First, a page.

In United States v. Rose, No. 201100584 (N-M.Ct.Crim.App. Apr 30, 2013) (per curiam) (unpublished),the appellant (an E-6) was convicted of a single specification of wrongful use of cocaine. But the NMCCA finds error in “the military judge’s admission of the cover memorandum, and the ‘Results’ and ‘Certification’ blocks of DD Form 2624, over the appellant’s objection.” Slip op. at 5. Then the court finds prejudice because:

The appellant had been on active duty for nearly 19 years at the time of the alleged offense, and had no prior disciplinary issues. Throughout his career, the appellant had been randomly drug tested approximately 3-4 times a year and there was no evidence that any other test was problematic. At the time of this urinalysis, the appellant had worked at a counter-drug operations command since 2005. The defense’s strategy at trial was that the appellant may have unknowingly ingested cocaine while at a bar, and the appellant took the stand and testified that he did not use cocaine. Three different witnesses, a Navy commander (0-5), a former Navy lieutenant (0-3), and a chief operations specialist (E-7), testified that they believed the appellant had good military character and that he was truthful. No witnesses testified that the appellant used drugs, the appellant did not make any admissions to illicit use, and the Government did not present any paraphernalia or physical evidence of drug use. Thus the only evidence presented against the appellant was the positive drug test. This set the case up as a battle of the experts, and made the improper testimonial hearsay very important to the Government’s case.

The appellant’s expert raised concerns about quality control methods used in the laboratory (as evidenced by an unreported date discrepancy in the chain of custody documents), and questioned the validity and accuracy of the testing conducted on the appellant’s sample (due to significant differences in the values reported during the screen and confirmatory tests, and an apparent voltage surge that occurred during testing). Weighing against that evidence was testimony presented by the Government’s expert, Mr. Fuller, who testified that he had reviewed the drug tests and concluded that the appellant’s urine contained the metabolite for cocaine above the Department of Defense cutoff level, and that no significant problems affected the validity of those results. Had that beenthe totality of Mr. Fuller’s testimony, there would not be a problem in this case. However, Mr. Fuller used the improper testimonial hearsay to bolster his own expert opinion. Mr. Fuller stated three separate times that the results on DD Form 2624 were “certified,” and thus indirectly asserted (since he was not the certifying official) that another expert also reviewed and approved the positive cocaine result. Verbatim Record at 362, 366. This testimony significantly assisted the Government’s case by showing that two experts, not just one, believed that the specimen was properly tested and positive for cocaine.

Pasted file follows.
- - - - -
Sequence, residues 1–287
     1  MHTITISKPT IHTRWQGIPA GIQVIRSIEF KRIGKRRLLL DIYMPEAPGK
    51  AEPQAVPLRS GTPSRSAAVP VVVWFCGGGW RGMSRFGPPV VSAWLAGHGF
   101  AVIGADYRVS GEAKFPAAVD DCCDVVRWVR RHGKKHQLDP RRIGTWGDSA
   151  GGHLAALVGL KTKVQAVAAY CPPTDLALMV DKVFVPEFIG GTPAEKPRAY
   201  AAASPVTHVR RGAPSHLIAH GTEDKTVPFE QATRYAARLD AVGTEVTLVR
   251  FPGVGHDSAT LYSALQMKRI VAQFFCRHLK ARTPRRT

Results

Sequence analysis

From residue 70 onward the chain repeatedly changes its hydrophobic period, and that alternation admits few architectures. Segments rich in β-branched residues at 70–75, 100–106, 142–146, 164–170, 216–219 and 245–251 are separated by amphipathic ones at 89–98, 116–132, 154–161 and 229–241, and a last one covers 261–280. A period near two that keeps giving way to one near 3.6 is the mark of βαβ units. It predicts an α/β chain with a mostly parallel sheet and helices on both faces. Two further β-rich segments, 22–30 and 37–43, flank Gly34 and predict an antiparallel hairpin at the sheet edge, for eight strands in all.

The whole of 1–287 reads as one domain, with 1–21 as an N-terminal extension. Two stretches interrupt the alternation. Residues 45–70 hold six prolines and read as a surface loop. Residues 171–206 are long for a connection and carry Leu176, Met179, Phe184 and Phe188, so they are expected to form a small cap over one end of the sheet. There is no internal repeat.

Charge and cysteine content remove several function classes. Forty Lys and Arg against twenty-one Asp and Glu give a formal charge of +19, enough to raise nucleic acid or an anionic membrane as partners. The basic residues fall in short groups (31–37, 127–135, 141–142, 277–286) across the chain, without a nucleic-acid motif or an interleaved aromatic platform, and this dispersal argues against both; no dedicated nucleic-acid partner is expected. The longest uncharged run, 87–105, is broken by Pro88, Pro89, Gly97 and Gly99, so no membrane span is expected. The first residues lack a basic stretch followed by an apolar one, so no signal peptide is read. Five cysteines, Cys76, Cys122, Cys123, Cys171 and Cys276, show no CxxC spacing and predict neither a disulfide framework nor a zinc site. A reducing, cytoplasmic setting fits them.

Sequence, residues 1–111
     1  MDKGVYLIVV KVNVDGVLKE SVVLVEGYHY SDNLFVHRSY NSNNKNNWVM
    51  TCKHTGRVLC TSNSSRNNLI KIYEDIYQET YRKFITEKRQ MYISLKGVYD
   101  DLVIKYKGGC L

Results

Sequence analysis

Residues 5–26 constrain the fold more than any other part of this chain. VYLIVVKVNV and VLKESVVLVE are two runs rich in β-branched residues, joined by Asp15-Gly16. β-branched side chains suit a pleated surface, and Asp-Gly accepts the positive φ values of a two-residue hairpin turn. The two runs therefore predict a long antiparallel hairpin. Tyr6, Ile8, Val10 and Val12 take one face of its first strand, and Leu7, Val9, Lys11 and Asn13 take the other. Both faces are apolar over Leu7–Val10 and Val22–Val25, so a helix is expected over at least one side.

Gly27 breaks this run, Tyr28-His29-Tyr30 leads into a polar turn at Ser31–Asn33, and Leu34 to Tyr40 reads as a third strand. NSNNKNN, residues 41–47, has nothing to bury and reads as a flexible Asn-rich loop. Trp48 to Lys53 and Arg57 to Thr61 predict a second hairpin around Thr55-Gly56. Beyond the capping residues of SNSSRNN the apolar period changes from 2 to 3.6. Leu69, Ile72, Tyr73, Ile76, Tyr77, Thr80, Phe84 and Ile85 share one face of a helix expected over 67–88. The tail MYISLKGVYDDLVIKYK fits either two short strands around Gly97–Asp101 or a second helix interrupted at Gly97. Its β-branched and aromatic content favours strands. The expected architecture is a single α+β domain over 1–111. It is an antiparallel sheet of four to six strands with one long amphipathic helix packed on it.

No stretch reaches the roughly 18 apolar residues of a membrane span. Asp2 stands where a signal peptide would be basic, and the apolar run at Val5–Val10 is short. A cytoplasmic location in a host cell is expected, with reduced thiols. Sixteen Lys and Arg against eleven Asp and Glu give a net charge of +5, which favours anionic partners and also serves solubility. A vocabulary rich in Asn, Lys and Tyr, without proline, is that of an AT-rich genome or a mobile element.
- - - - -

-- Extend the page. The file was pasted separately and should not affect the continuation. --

Slip op. at 6-7. The CCA sets aside the findings and sentence and authorizes a rehearing.

Of note, the court specifically notes and applies Tearman:

We completed such an inquiry in United States v. Tearman, 70 M.J. 640 (N.M.Ct.Crim.App. 2012), and the CAAF recently affirmed our decision, United States v. Tearman, 72 M.J. 54 (C.A.A.F. 2013), so we apply the same reasoning in this case. . . . we find that the 12 pages of internal chain of custody and review documents are not testimonial, because they “were made under circumstances, which, taken as a whole, establish that they were made for an administrative rather than an evidentiary purpose.” Tearman, 2013 CAAF LEXIS 296, at *18 (citing Sweeney, 70 M.J. at 302).

Slip op. at 4-5. Unfortunately, there’s this bit:

Lastly, the 21 pages of computer generated print-outs are not hearsay because they were generated by a machine.

Slip op. at 5. Well, we’ve got autonomous weapon systems that don’t need a manual. Why not autonomous evidence generation to avoid that troublesome confrontation clause? I remember warning about just that

Edited to add: An additional interesting twist. The sentence for this single-spec conviction was reduction one grade (to E-5) and confinement and forfeitures for 90 days. But the CCA “[has] jurisdiction over this case because the Judge Advocate General (JAG) sent it to this court for review under Article 69(d), UCMJ. To facilitate our review, we ordered a verbatim record of the trial proceedings from arraignment through findings.” Slip op. at 2 N.1.

Remember United States v. Hathorne from last term? No such thing as a “sub-jurisdictional case,” implied the Court of Appeals. Very robust appellate system we have, with the possibility of an impressive six levels of review. This case proves that point.

4 Responses to “NMCCA Sets Aside Drug Conviction on Confrontation Grounds”

  1. ResIpsaLoquitur says:

    19 years?!?  In 2005?  So he’s now retirement-eligible at 27 years.  They’d be insane to take this to a rehearing.  I once saw a 5-ish year old naked UA case go back to trial on rehearing which, surprise, ended up an acquittal.  The government asked for an instruction on the procedural history of the case so they could account for the gap between offense and prosecution, which was denied.  So of course, they ask the members for post-trial feedback, and they all came back with “Why’d this case take so long?”

  2. Zachary Spilman says:

    The sentence was adjudged in March 2010. So merely a ~23 year retiree.

  3. N says:

    Presumably he’s already retired (since there was no punitive discharge) so he’ll receive a hefty lump of back pay.

  4. Tami says:

    But realistically, how often does that happen, when an Article 69 review case gets referred for Article 66 review?